There is no “use of force” language in the latest resolution, he said. “In terms of the operational paragraphs starting on page four, OP2: talks about preventing ISIS/ISIL movements between states,” he added.

The U.S.-initiated resolution “allows the Security Council to use force to deal with ISIS in Iraq,” said international human rights activist Ajamu Baraka. “But for Syria’s sovereignty it creates what international law expert Francis Boyle calls ‘a bogus doctrine of hot pursuit’ that would allow the U.S. to bomb ISIS in Syria at the request of Iraq,” Mr. Baraka explained to The Final Call.

According to Mr. Boyle, “there is no international law doctrine that allows for hot pursuit on land,” Mr. Baraka added.      

Many leaders speaking at the General Assembly argued only through reforming the United Nation, in particular the UN Security Council, would there be real consensus on how to deal with modern-day terrorism.

President Nicholas Maduro Moros of Venezuela called for an “in depth transformation of the UN–revamping the leadership of the Security Council. He argued that the “current methods” used at the Security Council, as was done in Libya “was a crazy race towards more terrorism and violence.”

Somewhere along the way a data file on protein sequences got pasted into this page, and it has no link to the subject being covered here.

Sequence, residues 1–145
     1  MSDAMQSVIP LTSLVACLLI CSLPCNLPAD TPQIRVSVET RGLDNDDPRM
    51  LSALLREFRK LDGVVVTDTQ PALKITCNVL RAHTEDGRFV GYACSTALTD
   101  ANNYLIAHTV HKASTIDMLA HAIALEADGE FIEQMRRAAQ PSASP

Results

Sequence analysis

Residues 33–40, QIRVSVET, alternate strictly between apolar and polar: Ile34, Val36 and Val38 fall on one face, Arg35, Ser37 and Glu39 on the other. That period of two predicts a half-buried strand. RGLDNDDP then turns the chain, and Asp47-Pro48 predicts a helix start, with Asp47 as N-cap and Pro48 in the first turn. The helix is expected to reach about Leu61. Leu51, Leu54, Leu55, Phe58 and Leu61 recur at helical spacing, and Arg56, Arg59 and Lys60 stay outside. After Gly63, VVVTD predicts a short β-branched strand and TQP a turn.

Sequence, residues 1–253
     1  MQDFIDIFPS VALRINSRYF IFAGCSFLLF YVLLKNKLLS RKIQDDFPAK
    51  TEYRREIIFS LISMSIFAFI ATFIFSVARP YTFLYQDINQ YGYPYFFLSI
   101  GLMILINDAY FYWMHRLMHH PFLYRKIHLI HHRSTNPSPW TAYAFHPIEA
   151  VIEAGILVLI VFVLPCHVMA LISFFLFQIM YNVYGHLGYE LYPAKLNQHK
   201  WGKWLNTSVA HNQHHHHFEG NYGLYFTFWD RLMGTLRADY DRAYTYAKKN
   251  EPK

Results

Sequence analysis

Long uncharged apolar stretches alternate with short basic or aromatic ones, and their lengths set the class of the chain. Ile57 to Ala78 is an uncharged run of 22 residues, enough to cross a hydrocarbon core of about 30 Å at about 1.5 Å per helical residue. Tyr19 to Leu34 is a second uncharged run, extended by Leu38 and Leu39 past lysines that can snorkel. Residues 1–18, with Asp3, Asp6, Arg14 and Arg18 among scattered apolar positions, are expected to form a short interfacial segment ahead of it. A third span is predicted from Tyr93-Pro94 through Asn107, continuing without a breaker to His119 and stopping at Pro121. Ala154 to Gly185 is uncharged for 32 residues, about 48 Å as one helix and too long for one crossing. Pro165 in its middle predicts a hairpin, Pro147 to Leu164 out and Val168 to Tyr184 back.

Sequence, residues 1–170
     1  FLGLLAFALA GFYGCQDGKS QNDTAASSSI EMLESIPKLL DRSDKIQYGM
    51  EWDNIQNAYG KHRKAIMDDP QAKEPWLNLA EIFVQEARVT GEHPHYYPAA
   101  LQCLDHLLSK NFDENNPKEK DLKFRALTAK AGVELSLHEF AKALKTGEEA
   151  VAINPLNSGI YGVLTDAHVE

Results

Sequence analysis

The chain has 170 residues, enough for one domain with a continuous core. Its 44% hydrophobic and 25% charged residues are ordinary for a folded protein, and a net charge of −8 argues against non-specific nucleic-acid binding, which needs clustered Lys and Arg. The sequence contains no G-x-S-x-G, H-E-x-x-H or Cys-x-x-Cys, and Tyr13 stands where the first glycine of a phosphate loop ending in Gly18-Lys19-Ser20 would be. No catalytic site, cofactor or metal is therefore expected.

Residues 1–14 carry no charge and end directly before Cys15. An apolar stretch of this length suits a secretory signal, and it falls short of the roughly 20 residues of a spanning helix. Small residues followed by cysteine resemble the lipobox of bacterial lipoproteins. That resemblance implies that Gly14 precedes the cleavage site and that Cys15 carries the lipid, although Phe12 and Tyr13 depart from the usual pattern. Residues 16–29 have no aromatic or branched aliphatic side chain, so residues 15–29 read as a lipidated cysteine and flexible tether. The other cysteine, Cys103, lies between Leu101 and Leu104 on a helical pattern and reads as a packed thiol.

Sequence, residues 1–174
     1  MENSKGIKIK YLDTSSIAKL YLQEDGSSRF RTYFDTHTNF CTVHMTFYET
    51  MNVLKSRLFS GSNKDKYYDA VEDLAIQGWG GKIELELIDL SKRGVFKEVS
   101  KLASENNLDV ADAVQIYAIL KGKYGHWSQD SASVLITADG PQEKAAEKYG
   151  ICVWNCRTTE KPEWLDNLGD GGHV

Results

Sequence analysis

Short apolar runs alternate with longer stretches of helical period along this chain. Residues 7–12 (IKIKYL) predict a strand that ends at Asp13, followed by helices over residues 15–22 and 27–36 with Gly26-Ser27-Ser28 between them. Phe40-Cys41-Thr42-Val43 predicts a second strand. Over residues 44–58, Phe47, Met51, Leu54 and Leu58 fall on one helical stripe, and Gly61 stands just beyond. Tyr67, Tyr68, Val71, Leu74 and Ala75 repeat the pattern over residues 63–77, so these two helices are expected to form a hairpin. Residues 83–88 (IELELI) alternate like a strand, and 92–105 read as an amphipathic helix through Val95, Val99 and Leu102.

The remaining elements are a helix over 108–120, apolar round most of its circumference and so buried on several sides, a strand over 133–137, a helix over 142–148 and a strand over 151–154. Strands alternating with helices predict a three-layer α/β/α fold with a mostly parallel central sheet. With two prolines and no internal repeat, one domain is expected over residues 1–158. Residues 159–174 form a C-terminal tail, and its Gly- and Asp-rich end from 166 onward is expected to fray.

Prime Minister Sheik Jaber al Mubarak al Hamah al Sabah of Kuwait said Arab states should have “a permanent seat” on the Security Council, especially since issues relating to the region top most of the decision-making body’s agenda.

There are 22 Arab states with 350 million people, representing 12 percent of the General Assembly, he said.

Robert Mugabe, president of Zimbabwe, called on the United States to “promote dialogue to achieve peace, rule of law and common understanding among states.”